Italy’s strength also lies in its incredibly positive social capital, which has kept the country functioning even during the most challenging of crises. A social capital made up of cohesive communities, enterprising and inclusive businesses, voluntary organisations. Today this social capital is showing worrying signs of erosion. One of the sharpest and most authoritative observers of Italian society, Nando Pagnoncelli, chairman of Ipsos Italia, is sounding the alarm. ‘Confidence in non-profit organisations has crumbled,’ he wrote in Corriere della Sera” on 6 July, commenting on the results of an Ipsos survey ‘on Minister Salvini’s decision to prevent ships belonging to humanitarian organisations that have rescued migrants from the sea from docking at Italian ports.’

According to this survey, 59% of Italians agree with Salvini’s decision, as opposed to 29% against, with predictable higher consensus among voters for Lega (99%) and the Five Star Movement (77%). Support is also very strong among over-35s, the self-employed and the working class.

As for non-profit organisations, since 2010, confidence in them has fallen from 80% to 39%. Now only 22% of Italians believe that their actions are driven by humanitarian intentions, 56% that their motives are financial in nature. This is a significant statistic which we must consider carefully.

Pagnoncelli notes how ‘they have lost the aura of goodness they used to enjoy’ since Luigi Di Maio, leader of the Five Star Movement, described them as ‘sea taxis’ in 2017. He also notes how this has recently taken a turn for the worse, with angry clashes over the acceptance of immigrants.

The widespread fall in confidence, driven by the controversy surrounding migrants (the Diciotti and Sea Watch cases and so on), extends in general to the entire non-profit world. And at times of anxiety-driven and angry communications, characterised by an aggressive ‘friend or enemy’ dichotomy, it is above all the vast and extraordinary ‘third sector’ – ‘third’ after the public sector and private profit-making businesses – that pays the price. It the third sector that focusses on social issues, welfare, cooperation and solidarity: the ‘positive social capital’ we are talking about.

Pagnoncelli continues: ‘This drop in confidence has strongly affected an entire sector, one that includes not only NGOs (non-governmental organisations) involved in sea rescues and sheltering migrants, but represents over 340,000 bodies in the most varied sectors, from personal services (infants, the elderly, the disabled and so on) to culture, sport and international cooperation.’ It’s an entire world, a varied, complex and praiseworthy one made up of over a million permanent employees and 5.5 million volunteers in companies, cooperatives, associations, foundations and social organisations of great humanity with a crucial social function. It runs from Milan to hard-working Brianza, from the Veneto and Emilia to Campania and Sicily, with strong roots in Catholicism and a well-established presence also in secular organisations and service clubs. More than one in ten Italians works in the non-profit world or does voluntary work, according to Istat data reprocessed by Fondazione Social Venture Giordano Dell’Amore.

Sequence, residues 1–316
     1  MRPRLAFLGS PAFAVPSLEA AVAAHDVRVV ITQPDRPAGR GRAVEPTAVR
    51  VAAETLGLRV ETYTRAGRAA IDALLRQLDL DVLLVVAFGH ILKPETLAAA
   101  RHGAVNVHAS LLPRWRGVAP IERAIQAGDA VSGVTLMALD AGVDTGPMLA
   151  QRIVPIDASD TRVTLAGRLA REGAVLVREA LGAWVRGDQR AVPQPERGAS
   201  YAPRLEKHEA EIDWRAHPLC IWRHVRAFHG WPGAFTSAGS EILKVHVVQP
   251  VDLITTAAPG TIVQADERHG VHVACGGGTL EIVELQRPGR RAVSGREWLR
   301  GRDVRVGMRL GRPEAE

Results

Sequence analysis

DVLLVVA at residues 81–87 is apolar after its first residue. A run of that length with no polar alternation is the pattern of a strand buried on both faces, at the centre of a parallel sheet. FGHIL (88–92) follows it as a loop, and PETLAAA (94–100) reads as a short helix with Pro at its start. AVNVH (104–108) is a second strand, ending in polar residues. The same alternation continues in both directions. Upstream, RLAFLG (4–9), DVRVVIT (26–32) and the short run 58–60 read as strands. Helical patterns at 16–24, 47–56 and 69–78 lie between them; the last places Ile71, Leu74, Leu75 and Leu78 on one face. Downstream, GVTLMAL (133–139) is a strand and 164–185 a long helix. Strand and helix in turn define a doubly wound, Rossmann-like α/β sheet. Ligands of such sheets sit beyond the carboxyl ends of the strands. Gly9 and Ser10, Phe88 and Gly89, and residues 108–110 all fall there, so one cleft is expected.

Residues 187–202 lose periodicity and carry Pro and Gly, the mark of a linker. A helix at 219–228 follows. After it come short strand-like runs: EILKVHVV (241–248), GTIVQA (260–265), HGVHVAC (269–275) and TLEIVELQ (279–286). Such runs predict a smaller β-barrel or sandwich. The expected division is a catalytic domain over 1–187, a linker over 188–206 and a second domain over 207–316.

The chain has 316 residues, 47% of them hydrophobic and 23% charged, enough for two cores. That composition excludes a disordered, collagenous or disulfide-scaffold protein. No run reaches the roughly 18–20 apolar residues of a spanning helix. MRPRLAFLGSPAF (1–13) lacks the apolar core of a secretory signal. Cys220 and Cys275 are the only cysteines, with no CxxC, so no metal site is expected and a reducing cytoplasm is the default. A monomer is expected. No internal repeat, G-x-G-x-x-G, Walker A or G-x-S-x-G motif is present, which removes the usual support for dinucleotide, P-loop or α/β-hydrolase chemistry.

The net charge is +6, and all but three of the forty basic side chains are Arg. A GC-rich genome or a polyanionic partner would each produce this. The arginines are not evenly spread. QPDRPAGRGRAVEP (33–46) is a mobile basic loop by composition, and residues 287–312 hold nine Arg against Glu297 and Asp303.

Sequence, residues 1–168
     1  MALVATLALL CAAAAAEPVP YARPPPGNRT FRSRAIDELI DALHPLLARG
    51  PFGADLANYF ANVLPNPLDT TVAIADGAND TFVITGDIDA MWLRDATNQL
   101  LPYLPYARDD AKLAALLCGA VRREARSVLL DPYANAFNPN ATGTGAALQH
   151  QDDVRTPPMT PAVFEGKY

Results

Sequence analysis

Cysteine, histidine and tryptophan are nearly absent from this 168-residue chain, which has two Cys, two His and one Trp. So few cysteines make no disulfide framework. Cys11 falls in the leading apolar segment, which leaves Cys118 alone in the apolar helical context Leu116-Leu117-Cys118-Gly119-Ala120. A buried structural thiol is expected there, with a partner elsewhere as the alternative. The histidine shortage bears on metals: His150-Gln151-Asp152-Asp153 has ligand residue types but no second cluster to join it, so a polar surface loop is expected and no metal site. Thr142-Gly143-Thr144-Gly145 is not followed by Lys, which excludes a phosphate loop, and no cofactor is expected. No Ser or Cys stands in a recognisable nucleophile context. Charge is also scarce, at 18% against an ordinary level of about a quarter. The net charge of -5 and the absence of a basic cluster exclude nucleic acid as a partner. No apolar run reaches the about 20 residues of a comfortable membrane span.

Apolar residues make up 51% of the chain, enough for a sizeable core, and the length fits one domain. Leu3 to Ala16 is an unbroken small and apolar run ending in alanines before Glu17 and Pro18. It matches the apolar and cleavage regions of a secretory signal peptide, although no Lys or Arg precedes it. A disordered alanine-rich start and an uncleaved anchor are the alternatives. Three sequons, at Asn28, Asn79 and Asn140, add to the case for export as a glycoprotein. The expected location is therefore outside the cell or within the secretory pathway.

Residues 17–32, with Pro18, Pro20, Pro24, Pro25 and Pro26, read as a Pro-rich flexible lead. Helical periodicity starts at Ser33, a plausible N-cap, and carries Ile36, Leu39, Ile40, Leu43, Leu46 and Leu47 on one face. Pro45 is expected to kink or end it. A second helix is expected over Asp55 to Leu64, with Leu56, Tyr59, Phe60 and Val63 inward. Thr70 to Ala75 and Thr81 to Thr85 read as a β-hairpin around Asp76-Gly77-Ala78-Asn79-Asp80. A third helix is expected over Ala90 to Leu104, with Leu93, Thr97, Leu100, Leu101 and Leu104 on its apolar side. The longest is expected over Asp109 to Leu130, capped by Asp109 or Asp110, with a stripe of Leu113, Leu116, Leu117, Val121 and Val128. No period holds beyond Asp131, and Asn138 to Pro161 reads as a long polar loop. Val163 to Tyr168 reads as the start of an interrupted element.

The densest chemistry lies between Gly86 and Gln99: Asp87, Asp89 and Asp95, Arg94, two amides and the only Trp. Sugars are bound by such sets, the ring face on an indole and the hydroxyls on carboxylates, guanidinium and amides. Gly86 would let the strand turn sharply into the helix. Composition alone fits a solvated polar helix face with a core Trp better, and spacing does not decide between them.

A worried Pagnoncelli goes on: ‘Together with confidence, donations to the non-profit sector are also falling.’ And he concludes: ‘This is just one of the many side effects of the coarse communication style of today’s politicians.’

His worries are well founded. The extreme rhetoric based on fear and anger that is proving increasingly popular among the political classes represents a serious threat to the foundations of civil society.

The anti-business stance taken by the government is amplifying the difficulties of an economic world on which our well-being, work, welfare and solidarity depends. Business is the main means of social mobility in our country, a key tool for rewarding and developing ‘the capable and the deserving,’ as our Constitution says. The attacks on the non-profit world from the authorities, beginning with immigrants and ending with judgements espoused for propaganda purposes, are worsening the situation.

Of course it isn’t a case of creating an ‘NGO party’ (nobody feels the need) or of placing them centre stage in a clash between the majority and the opposition, between Salvini and Di Maio and the Democratic Party, but rather of avoiding the effects of political manipulation and safeguarding, with non-profit organisations, NGOs and the third sector, a great civil legacy of Italian society.

In fact, leaving aside the individual news stories about rescue ships, closed doors, possible violations of law (whose veracity must be verified by the judiciary) and the need to regulate, in Italy and Europe, the huge phenomenon of migration flows, it is worth focusing here on the damage that a certain type of political propaganda can have on the entire country. It is particularly damaging to the weaker sections of society, whose day-to-day problems of support and assistance are answered non-profit organisations and social volunteering, as we have mentioned.

Responsible politics naturally requires rules. But it must also make intelligent distinctions, between those who violate the law and those who dedicate their time to supporting and assisting the elderly, the sick, those that live alone and communities wracked by social disadvantage. The crisis of confidence in voluntary organisations is a serious wound on the fragile social body of Italy. It’s a wound this country does not deserve.